Singapore’s Q1 economy grows 0.2% amid manufacturing expansion

Author: Nurluqman Suratman

2021/04/14

SINGAPORE (ICIS)--Singapore's economy grew by 0.2% year on year in the first quarter, the country’s first economic growth since the fourth quarter of 2019 amid continued expansion in the manufacturing sector, official preliminary data showed on Wednesday.

The year-on-year expansion in the first quarter reverses the 2.4% contraction in the fourth quarter of last year, the Ministry of Trade and Industry (MTI) said in a statement.

On a quarter-on-quarter seasonally-adjusted basis, the economy expanded by 2.0%, extending the 3.8% expansion in the preceding quarter.

"The sequential [quarter-on-quarter] slowdown in Q1 was largely driven by the construction sector, where activity continued to be capped by safe distancing measures at worksites," the Monetary Authority of Singapore (MAS) said in a statement.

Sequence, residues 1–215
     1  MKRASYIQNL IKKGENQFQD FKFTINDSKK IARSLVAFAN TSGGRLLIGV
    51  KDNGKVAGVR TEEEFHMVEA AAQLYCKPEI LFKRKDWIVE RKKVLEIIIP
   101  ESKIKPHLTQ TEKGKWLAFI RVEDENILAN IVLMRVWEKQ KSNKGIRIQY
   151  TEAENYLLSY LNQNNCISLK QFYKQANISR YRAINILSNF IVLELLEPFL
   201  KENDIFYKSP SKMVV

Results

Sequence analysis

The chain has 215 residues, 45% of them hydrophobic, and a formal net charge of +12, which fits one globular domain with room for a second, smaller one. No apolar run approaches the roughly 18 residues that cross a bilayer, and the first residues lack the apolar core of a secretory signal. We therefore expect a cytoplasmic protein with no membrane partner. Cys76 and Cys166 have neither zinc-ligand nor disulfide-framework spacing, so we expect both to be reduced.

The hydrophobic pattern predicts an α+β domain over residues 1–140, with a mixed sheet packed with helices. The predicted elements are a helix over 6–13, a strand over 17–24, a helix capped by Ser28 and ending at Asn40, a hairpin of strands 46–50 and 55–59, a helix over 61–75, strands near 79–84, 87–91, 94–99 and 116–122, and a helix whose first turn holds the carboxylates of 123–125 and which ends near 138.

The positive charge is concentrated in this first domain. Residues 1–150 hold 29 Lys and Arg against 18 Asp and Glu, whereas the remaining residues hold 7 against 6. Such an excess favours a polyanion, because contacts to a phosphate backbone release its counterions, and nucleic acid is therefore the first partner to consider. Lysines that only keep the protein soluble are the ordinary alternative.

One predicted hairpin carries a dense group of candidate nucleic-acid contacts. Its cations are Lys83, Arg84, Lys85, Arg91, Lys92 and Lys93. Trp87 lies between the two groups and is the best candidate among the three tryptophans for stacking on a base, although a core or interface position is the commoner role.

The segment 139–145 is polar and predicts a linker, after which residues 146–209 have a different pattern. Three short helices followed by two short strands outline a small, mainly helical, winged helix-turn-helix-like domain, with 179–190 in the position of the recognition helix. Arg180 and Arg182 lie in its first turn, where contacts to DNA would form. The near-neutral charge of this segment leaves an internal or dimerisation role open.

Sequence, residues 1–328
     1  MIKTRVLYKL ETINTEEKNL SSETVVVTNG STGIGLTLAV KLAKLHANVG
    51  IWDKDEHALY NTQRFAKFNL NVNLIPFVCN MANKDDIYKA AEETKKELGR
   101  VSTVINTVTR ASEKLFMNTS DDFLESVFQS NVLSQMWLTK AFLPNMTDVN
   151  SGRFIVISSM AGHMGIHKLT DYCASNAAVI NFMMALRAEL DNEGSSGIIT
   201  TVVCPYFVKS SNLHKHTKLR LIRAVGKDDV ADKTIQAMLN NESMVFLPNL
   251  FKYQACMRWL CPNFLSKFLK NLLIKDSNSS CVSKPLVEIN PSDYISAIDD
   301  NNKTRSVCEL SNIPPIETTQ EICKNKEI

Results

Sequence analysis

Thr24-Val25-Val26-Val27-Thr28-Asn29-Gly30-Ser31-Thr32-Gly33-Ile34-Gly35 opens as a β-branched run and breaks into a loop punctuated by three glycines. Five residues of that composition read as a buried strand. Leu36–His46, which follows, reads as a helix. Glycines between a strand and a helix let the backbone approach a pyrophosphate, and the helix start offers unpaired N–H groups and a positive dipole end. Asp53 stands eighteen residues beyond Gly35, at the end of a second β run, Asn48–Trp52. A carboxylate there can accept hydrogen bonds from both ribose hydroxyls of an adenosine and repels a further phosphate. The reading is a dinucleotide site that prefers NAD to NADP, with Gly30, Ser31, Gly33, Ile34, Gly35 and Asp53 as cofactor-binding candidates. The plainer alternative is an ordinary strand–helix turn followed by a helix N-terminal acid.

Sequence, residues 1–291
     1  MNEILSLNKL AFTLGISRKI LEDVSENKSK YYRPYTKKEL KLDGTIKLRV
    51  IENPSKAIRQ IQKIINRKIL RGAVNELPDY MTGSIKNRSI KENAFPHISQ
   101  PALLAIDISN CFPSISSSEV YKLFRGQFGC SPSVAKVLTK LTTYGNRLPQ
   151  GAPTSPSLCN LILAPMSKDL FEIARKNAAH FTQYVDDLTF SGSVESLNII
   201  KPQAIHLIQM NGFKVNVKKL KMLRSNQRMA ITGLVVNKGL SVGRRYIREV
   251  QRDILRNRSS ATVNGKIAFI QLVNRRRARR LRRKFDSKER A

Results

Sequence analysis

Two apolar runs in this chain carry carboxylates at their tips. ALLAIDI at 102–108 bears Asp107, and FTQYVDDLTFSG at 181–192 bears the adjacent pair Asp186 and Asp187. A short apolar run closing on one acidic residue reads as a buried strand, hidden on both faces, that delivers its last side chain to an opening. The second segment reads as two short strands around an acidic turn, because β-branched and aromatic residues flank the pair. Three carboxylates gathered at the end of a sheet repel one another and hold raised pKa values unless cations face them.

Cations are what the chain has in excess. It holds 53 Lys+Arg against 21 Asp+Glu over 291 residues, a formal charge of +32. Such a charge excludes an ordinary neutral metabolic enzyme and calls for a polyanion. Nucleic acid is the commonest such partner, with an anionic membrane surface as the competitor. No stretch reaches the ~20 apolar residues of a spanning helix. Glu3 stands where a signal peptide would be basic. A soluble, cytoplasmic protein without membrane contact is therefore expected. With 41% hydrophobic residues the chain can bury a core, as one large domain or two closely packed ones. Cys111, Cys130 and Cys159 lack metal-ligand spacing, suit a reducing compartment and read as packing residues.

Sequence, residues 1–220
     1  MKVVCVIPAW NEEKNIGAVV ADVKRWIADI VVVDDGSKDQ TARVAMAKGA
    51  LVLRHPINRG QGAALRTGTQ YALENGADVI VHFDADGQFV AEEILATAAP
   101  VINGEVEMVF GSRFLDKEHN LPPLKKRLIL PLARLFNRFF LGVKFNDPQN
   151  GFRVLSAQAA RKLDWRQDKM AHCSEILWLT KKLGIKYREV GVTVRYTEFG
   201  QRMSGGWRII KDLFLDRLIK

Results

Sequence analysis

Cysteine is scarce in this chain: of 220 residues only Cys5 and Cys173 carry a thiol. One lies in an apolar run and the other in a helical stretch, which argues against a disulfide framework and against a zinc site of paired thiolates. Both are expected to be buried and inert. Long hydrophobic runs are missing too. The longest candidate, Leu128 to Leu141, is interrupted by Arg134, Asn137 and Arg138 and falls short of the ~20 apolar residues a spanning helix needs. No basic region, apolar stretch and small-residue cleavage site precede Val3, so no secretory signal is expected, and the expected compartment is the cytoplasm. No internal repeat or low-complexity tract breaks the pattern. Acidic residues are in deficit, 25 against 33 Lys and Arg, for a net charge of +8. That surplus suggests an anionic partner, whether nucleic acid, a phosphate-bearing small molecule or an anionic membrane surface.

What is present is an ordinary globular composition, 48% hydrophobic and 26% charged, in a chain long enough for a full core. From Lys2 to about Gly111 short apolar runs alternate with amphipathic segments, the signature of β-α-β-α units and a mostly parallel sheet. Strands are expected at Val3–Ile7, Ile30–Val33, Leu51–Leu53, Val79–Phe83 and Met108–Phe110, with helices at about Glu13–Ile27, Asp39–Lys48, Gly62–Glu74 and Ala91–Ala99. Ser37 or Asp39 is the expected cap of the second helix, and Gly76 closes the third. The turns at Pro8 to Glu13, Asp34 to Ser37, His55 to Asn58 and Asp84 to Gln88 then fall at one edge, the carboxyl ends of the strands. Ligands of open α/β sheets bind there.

The country's economy shrank by 5.4% year on year in 2020, its worst ever economic recession, due to the coronavirus pandemic.

The upturn in external demand will sustain an above-trend pace of growth in the Singapore economy for the rest of this year, with activity in the trade-related and services sector to expand at a firm rate, the MAS said.

“Singapore’s GDP growth this year is likely to exceed the upper end of the official 4-6% forecast range, barring a setback to the global economy,” the central bank said.

“However, significant uncertainties remain, including the possibility of further virus mutations and premature relaxation of social restrictions by governments, which could derail the global and domestic recovery,” it said.

Singapore’s manufacturing sector grew by 7.5% year on year in the first quarter following the 10.3% expansion in the preceding quarter, while the services sector contracted by 1.2% and the construction industry shrank by 20.2%.

Growth in the manufacturing sector was supported by output expansions in the electronics, precision engineering, chemicals and biomedical manufacturing clusters, which outweighed output declines in the transport engineering and general manufacturing clusters.

Focus article by Nurluqman Suratmann